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Hurricane Harvey inflicted county seeks funding for homes buyout
Last Updated: 2017-09-13 08:18 | Xinhua
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Harris County of U.S. Texas on Tuesday unanimously approved a plan to seek more than 17 million U.S. dollars to buy out more than 100 homes at the highest risk of flooding in the county, where the city of Houston is located.

The county's Commissioners Court agreed to submit a grant application to the Federal Emergency Management Agency (FEMA) that, if approved, would enable the Harris County Flood Control District (HCFCD) to buy and demolish 104 homes, some of which have flooded multiple times in recent years.

The district's buyout program takes on particular significance after Tropical Storm Harvey ravaged the region, swamping some 136,000 of homes.

Floodplain maps and regulations only came into being in the 1980s. Since the 1980s, HCFCD has bought out roughly 3,000 homes.

HCFCD is a special purpose district created by the Texas Legislature in 1937 in response to devastating floods that struck the region in 1929 and 1935.

Its jurisdictional boundaries are set to coincide with Harris County, a community of more than 4.5 million people (2015).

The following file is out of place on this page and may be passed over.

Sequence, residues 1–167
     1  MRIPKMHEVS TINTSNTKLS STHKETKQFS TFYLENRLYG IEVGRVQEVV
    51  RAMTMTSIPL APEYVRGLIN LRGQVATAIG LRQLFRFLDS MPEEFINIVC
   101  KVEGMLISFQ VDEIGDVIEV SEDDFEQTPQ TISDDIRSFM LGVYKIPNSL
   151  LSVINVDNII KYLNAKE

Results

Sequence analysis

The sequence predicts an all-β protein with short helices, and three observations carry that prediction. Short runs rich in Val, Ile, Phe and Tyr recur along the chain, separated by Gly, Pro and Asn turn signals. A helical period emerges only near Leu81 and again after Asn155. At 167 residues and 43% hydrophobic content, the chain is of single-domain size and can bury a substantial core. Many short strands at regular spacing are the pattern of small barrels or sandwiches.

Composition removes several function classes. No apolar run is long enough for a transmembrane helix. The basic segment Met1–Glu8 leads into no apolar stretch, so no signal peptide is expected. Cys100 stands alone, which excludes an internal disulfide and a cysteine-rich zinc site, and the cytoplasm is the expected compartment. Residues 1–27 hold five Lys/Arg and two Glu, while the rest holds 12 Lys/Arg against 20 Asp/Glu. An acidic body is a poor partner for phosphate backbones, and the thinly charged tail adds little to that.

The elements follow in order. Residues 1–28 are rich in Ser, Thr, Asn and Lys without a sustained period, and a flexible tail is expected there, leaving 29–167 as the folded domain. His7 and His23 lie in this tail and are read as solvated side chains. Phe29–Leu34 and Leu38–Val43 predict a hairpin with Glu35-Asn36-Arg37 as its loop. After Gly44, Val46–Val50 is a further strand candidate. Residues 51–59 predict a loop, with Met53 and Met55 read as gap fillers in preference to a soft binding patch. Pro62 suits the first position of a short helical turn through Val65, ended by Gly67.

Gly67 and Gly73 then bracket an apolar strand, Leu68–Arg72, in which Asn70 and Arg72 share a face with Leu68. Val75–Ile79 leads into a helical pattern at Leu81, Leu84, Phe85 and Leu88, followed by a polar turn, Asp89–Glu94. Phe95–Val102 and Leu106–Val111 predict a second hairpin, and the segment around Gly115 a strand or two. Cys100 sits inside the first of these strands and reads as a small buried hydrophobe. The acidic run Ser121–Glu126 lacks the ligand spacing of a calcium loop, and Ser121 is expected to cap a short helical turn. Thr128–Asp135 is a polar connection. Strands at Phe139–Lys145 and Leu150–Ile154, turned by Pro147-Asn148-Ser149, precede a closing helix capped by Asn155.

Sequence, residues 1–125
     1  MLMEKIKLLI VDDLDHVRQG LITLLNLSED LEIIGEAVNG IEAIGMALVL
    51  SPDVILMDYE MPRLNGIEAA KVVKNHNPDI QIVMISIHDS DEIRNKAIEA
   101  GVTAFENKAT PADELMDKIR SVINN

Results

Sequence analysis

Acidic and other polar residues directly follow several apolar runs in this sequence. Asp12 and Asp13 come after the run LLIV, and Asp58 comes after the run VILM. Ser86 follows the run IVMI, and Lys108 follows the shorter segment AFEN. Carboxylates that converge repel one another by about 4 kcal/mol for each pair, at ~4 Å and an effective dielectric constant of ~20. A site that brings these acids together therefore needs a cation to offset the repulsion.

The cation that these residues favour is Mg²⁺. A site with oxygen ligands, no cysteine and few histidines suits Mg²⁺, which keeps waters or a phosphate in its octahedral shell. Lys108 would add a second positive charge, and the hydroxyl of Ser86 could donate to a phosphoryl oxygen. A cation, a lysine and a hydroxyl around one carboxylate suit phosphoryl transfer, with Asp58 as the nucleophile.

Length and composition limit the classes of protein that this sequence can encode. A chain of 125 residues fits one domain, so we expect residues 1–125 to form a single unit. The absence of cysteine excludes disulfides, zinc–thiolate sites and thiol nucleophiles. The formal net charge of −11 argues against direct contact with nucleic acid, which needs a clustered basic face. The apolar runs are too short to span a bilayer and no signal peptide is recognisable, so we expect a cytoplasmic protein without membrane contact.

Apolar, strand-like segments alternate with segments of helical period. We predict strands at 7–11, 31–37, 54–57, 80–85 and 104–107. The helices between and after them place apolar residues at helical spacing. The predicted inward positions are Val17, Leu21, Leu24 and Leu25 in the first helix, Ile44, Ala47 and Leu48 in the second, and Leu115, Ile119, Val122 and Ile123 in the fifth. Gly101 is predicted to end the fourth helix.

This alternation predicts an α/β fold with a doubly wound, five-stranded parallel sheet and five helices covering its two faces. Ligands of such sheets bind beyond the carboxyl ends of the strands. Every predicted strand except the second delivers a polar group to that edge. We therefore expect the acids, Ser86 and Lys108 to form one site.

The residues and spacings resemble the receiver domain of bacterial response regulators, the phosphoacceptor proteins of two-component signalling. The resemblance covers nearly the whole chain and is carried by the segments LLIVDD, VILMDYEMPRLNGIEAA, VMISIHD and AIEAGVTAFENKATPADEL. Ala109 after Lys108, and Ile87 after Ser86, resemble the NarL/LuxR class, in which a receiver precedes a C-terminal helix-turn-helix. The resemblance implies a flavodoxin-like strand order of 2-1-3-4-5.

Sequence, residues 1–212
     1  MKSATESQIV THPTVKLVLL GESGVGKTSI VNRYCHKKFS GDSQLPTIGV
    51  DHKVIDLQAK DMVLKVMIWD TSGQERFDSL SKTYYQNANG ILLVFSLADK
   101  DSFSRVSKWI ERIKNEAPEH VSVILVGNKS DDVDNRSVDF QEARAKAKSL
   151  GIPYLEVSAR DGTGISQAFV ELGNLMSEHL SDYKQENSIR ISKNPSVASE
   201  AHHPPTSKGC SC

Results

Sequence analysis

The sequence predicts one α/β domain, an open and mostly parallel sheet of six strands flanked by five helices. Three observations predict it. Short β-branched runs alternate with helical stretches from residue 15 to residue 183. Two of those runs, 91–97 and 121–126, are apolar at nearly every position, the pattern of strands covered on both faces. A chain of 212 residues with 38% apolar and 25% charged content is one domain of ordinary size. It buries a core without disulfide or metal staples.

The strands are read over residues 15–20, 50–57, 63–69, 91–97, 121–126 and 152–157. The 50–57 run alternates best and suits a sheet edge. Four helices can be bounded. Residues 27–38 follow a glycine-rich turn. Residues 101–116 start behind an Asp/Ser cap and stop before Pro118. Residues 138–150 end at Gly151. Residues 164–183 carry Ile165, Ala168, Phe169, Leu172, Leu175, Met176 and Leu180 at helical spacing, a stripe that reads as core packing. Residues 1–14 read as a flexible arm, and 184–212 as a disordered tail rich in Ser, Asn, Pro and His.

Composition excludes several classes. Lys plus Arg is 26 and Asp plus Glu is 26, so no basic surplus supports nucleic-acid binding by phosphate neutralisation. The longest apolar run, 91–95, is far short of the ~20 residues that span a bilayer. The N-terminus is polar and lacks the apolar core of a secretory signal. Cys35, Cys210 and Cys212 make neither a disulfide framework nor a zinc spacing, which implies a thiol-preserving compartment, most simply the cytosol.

Last Wednesday, Jim Blackburn, a lawyer and professor in the practice of environmental engineering at Rice University of Texas, wrote in his paper, "Hurricane/Tropical Storm Harvey: Policy Perspectives," that "how we respond to this horrible reality will determine the economic future of our region."

Blackburn, also a Baker Institute Rice Faculty Scholar and co-director of Rice's Severe Storm Prediction, Education and Evacuation from Disasters (SSPEED) Center, said a clear starting point is to identify the areas that did not flood during Harvey. "These areas will form the backbone of the Houston of tomorrow."

FEMA opened on Monday three disaster recovery centers in Houston area, offering in-person support to individuals and businesses in 39 counties included in the Texas federal disaster declaration for Hurricane Harvey and the subsequent floods.

FEMA on Sept. 3 opened its first Disaster Recovery Center in downtown Houston, aiming to identify locations for additional centers, where residents affected by Tropical Storm Harvey can apply for aid, ask questions or solve problems.

Harvey blew ashore on Aug. 25 as the most powerful hurricane to hit Texas in more than 50 years, displacing over 1 million and damaged some 200,000 houses in a path of destruction that stretches for more than 480 kilometers.

The Houston area was hit by severe flooding, after receiving about 1.4 meters of rain.

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